Caf moves Afcon from January to June

The Confederation of African Football have confirmed that the Africa Cup of Nations will be expanded from 16 teams to 24 as of the 2019 edition.

The expansion of the biennial tournament was one of the key issues discussed during the Caf Symposium in Morocco earlier this week, and a statement issued by the Confederation of African Football have confirmed the decisions taken by the working party.

As well as the expansion—the first since 1996—the tournament will be shifted from January-February to June-July, a step which brings the competition further in line with the European football calendar.

However, there are other proposals which have not been passed.

The tournament will remain every two years, rather than switch to every four years, while the Caf statement confirmed that the competition would be played exclusively on African soil, with the possibility of allowing other continents to host the Afcon having been mooted.

The decision is sure to go down well with European clubs and Europe-based players, who will now avoid the regular player vs. club wrangles that affect many of the continent’s overseas players during Afcon years.

However, the decision also raises various unanswered questions.

For example, moving the Nations Cup to June and July would appear to rule out a whole swathe of potential hosts for whom the summer months would be too hot for putting on the continental showpiece.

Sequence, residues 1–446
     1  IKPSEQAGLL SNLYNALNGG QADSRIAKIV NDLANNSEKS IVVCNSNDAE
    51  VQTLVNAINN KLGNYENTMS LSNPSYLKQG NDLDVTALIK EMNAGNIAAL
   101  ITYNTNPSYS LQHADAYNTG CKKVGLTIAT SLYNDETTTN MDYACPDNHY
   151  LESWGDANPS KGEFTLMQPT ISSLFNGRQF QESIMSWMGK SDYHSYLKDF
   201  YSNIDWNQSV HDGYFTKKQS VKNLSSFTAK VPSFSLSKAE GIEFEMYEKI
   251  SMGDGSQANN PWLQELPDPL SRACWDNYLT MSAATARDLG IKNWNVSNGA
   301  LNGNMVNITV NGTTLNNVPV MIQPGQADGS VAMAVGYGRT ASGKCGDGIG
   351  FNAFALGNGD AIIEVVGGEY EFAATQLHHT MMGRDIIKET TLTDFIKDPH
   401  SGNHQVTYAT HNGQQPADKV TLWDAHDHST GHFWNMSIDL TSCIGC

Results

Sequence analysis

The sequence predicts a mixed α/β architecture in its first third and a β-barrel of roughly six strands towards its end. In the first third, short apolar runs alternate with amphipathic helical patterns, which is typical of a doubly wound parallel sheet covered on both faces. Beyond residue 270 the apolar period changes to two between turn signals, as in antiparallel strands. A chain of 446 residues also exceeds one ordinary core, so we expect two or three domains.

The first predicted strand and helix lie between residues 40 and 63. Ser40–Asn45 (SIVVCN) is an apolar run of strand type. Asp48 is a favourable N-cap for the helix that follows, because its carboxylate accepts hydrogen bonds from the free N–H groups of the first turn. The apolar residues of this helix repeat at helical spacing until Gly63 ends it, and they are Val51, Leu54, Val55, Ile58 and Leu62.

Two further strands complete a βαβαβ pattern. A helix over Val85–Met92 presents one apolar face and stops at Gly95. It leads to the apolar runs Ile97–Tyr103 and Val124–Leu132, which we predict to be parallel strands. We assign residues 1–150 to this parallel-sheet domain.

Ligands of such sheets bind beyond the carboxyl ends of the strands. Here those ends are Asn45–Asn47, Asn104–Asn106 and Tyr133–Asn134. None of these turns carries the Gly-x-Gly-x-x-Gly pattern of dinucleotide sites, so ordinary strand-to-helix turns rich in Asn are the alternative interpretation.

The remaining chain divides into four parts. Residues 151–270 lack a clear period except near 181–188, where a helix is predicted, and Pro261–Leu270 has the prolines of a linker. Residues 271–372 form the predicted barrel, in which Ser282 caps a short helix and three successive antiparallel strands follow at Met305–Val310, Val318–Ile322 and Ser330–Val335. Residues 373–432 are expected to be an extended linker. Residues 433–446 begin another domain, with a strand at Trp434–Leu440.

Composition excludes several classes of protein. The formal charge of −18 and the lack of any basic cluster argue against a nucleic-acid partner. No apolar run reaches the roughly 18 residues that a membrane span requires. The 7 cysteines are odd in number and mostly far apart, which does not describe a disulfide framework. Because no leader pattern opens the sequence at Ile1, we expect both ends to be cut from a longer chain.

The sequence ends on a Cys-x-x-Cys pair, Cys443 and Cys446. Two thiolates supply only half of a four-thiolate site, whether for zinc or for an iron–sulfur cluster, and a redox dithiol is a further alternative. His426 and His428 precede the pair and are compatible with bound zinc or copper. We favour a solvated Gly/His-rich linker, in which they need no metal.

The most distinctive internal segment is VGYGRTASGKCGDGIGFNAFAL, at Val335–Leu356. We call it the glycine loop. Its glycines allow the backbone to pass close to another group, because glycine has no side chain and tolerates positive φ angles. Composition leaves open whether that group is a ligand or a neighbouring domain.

The expansion also risks diluting the quality of the tournament.

The symposium has also led to changes elsewhere in the continental game; inter-club competitions will shift to an August-May calendar – again a move which aligns the African game with the European calendar – having previously been played within a single calendar year.

There will now be regional qualifiers for age-grade Nations Cups – a move which will doubtless affect West African hegemony of the tournament – while Caf have also vowed to improve international partnerships and strengthen relationships between the confederations, each national association, governments and the African Union.

Finally, Caf have also promised to endorse “the principle of creating a framework for cooperation with legendary African footballers and their greater involvement in CAF activities.”




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